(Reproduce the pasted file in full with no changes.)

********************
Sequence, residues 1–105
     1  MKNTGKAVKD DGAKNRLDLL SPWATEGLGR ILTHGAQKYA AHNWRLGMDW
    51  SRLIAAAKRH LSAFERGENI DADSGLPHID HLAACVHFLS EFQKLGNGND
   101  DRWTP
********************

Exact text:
Sequence, residues 1–105
     1  MKNTGKAVKD DGAKNRLDLL SPWATEGLGR ILTHGAQKYA AHNWRLGMDW
    51  SRLIAAAKRH LSAFERGENI DADSGLPHID HLAACVHFLS EFQKLGNGND
   101  DRWTP